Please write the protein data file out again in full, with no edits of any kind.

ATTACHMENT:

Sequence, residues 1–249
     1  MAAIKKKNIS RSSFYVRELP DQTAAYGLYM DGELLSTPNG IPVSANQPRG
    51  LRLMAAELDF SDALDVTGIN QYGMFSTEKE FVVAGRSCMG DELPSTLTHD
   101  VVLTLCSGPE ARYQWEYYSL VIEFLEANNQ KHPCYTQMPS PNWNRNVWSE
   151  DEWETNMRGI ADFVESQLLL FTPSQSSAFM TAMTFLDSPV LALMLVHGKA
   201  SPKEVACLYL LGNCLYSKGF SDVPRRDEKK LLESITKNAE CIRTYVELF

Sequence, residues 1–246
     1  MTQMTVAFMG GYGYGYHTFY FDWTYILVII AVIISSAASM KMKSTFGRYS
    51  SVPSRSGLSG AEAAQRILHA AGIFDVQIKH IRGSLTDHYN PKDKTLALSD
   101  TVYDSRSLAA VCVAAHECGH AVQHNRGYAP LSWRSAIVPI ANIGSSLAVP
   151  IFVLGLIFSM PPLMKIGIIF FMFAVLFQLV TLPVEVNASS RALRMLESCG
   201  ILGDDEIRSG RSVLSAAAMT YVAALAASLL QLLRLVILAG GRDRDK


Sequence, residues 1–249
     1  MAAIKKKNIS RSSFYVRELP DQTAAYGLYM DGELLSTPNG IPVSANQPRG
    51  LRLMAAELDF SDALDVTGIN QYGMFSTEKE FVVAGRSCMG DELPSTLTHD
   101  VVLTLCSGPE ARYQWEYYSL VIEFLEANNQ KHPCYTQMPS PNWNRNVWSE
   151  DEWETNMRGI ADFVESQLLL FTPSQSSAFM TAMTFLDSPV LALMLVHGKA
   201  SPKEVACLYL LGNCLYSKGF SDVPRRDEKK LLESITKNAE CIRTYVELF

Sequence, residues 1–246
     1  MTQMTVAFMG GYGYGYHTFY FDWTYILVII AVIISSAASM KMKSTFGRYS
    51  SVPSRSGLSG AEAAQRILHA AGIFDVQIKH IRGSLTDHYN PKDKTLALSD
   101  TVYDSRSLAA VCVAAHECGH AVQHNRGYAP LSWRSAIVPI ANIGSSLAVP
   151  IFVLGLIFSM PPLMKIGIIF FMFAVLFQLV TLPVEVNASS RALRMLESCG
   201  ILGDDEIRSG RSVLSAAAMT YVAALAASLL QLLRLVILAG GRDRDK